## November 27th, 2023 - Instalment #181
Welcome to #181 of the Amazon Web Services open source newsletter, the place for all your Amazon Web Services and open source needs. As some of you will know, this is re:Invent week, where many of my colleagues and tens of thousands of developers will be congregating to learn about Cloud, and hopefully discover plenty of open source goodness too. If you are going, make sure to visit the open source booth in the Expo floor. There is going to be a steady flow of great demos throughout the week, so check out the schedule which will be posted in the booth, as well as get to meet some of the open source folk at Amazon Web Services. I wish I could be there, but alas, not this year. So if you are going to re:Invent, have a blast. It is such an amazing opportunity to meet fellow developers and find out about and learn lots of new cool things. Make sure you check out **reinvent-session-concierge** from Caylent (down below in the Demos section), your personal re:Invent concierge, and a really great idea.
Aside from that project, we have lots of other great new projects this week including a new library for PyTorch users to make it easier to work with Amazon S3, some Rust based CloudFormation macros, an Amazon Web Services account "kill switch", and demos that include some really nice generative AI projects that use open source tools such as Griptape. No newsletter is complete without a selection of great blog posts and articles to read, and this week we have some great hands on content that covers projects from a broad range of use cases, including Griptape, PyTorch, Amazon Amplify, NextJS, WordPress, OpenJDK, Amazon Corretto, PostgreSQL, OpenSearch, SnapStart, Kong, Amazon Copilot, MySQL, dbt, Apache Hudi, Apache Flink, Kubernetes, Amazon EKS, Kali, Karpenter, Istio, LangChain, Pinecone, Amazon EMR, Apache Spark, Prometheus, Lustre, OpenZFS, Apache Kafka, and Lambda PowerTuning. There is so much great stuff, you will be kept very busy this week.
Before you dive into this week edition, I just wanted to share that there will be one more newsletter before I finish for the year, so watch out for the special end of year edition on Monday, 11th of December. I will be back in January, but will be enjoying some time away to rest and recharge.
**Amazon Web Services open source newsletter in Spanish**
My colleague Guillermo Ruiz has been busy creating a monthly version of this newsletter for you Spanish readers out there. Much better than my poorly translated editions, this is your perfect guide to the best open source content for those of you who prefer to read in castellano. Go check it out, [Boletín Amazon Web Services Open Source, November Edition](https://aws-oss.beachgeek.co.uk/3gk?trk=cndc-detail)
Please please please take 1 minute to [complete this short survey](https://www.pulse.aws/promotion/10NT4XZQ?trk=cndc-detail). I have Amazon Web Services credit codes for the first 50 as a thank you!
### Celebrating open source contributors
The articles and projects shared in this newsletter are only possible thanks to the many contributors in open source. I would like to shout out and thank those folks who really do power open source and enable us all to learn and build on top of what they have created.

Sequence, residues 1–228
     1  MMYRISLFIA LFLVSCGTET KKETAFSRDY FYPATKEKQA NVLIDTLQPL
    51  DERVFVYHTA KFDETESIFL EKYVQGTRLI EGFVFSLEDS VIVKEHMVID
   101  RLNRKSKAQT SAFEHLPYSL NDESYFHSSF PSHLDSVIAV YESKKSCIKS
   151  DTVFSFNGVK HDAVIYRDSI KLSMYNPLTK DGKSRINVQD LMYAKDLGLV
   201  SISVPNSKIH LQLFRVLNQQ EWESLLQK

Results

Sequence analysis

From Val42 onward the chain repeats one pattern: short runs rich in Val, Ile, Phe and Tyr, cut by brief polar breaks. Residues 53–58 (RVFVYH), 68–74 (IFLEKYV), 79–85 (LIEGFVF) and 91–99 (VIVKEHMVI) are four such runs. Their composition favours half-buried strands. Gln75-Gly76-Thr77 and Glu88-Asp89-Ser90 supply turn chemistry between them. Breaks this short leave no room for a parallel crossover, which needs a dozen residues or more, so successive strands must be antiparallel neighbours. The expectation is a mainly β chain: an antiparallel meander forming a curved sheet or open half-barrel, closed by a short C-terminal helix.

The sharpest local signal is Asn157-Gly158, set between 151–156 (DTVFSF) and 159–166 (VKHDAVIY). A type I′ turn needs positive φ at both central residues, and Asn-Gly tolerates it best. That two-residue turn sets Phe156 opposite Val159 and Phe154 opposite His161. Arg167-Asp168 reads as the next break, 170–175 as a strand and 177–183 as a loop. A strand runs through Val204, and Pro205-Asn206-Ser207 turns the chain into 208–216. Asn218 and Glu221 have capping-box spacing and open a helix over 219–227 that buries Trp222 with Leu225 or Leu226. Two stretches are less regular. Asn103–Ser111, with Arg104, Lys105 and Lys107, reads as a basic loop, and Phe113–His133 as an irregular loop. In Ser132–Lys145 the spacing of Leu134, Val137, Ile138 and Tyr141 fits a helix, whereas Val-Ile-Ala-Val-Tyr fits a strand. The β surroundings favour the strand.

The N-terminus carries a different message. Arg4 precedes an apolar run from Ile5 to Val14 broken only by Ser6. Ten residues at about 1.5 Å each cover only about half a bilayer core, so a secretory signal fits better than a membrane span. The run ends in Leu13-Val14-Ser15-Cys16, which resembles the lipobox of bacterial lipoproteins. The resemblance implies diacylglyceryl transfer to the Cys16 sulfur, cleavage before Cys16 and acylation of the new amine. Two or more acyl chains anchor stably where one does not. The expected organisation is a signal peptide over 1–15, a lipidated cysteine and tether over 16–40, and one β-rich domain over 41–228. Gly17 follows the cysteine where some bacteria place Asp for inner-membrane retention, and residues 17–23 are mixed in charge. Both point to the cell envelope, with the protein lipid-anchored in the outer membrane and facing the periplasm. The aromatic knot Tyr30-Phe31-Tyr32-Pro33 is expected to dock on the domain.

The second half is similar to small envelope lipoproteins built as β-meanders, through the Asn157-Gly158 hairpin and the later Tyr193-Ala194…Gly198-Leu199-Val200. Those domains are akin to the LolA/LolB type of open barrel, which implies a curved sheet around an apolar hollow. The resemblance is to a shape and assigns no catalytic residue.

So thank you to the following open source heroes: Efi Merdler-Kravitz, Jeffrey Lyon, Alex Pust, Salam Shaik, Rahul Pulikkot Nath, Sophia Parafina, Vadym Kazulkin, Alexander Rey, Jason Andrews, Nikhil Swaminathan, Danny Banks, Erik Hanchett, Stephen Siegert, Sunil Ramachandra, Julie Mills, James Eastham, and Damon Cortesi
### Latest open source projects
*The great thing about open source projects is that you can review the source code. If you like the look of these projects, make sure you that take a look at the code, and if it is useful to you, get in touch with the maintainer to provide feedback, suggestions or even submit a contribution. The projects mentioned here do not represent any formal recommendation or endorsement, I am just sharing for greater awareness as I think they look useful and interesting!*
[s3-connector-for-pytorch](https://aws-oss.beachgeek.co.uk/3gw?trk=cndc-detail) the Amazon S3 Connector for PyTorch delivers high throughput for PyTorch training jobs that access or store data in Amazon S3. Using the S3 Connector for PyTorch automatically optimises performance when downloading training data from and writing checkpoints to Amazon S3, eliminating the need to write your own code to list S3 buckets and manage concurrent requests. Amazon S3 Connector for PyTorch provides implementations of PyTorch's dataset primitives that you can use to load training data from Amazon S3. It supports both map-style datasets for random data access patterns and iterable-style datasets for streaming sequential data access patterns. The S3 Connector for PyTorch also includes a checkpointing interface to save and load checkpoints directly to Amazon S3, without first saving to local storage.
[cloudwatch-macros](https://aws-oss.beachgeek.co.uk/3gs?trk=cndc-detail) is the latest open source creation from Amazon Web Services Hero Efi Merdler-Kravitz, focused on improving the CloudFormation and Amazon SAM developer experience. This project features a collection of (basic at the moment) CloudFormation macros, written in Rust, offering seamless deployment through SAM. Check out [Efi's post on LinkedIn](https://aws-oss.beachgeek.co.uk/3gt?trk=cndc-detail) for more details and additional useful resources.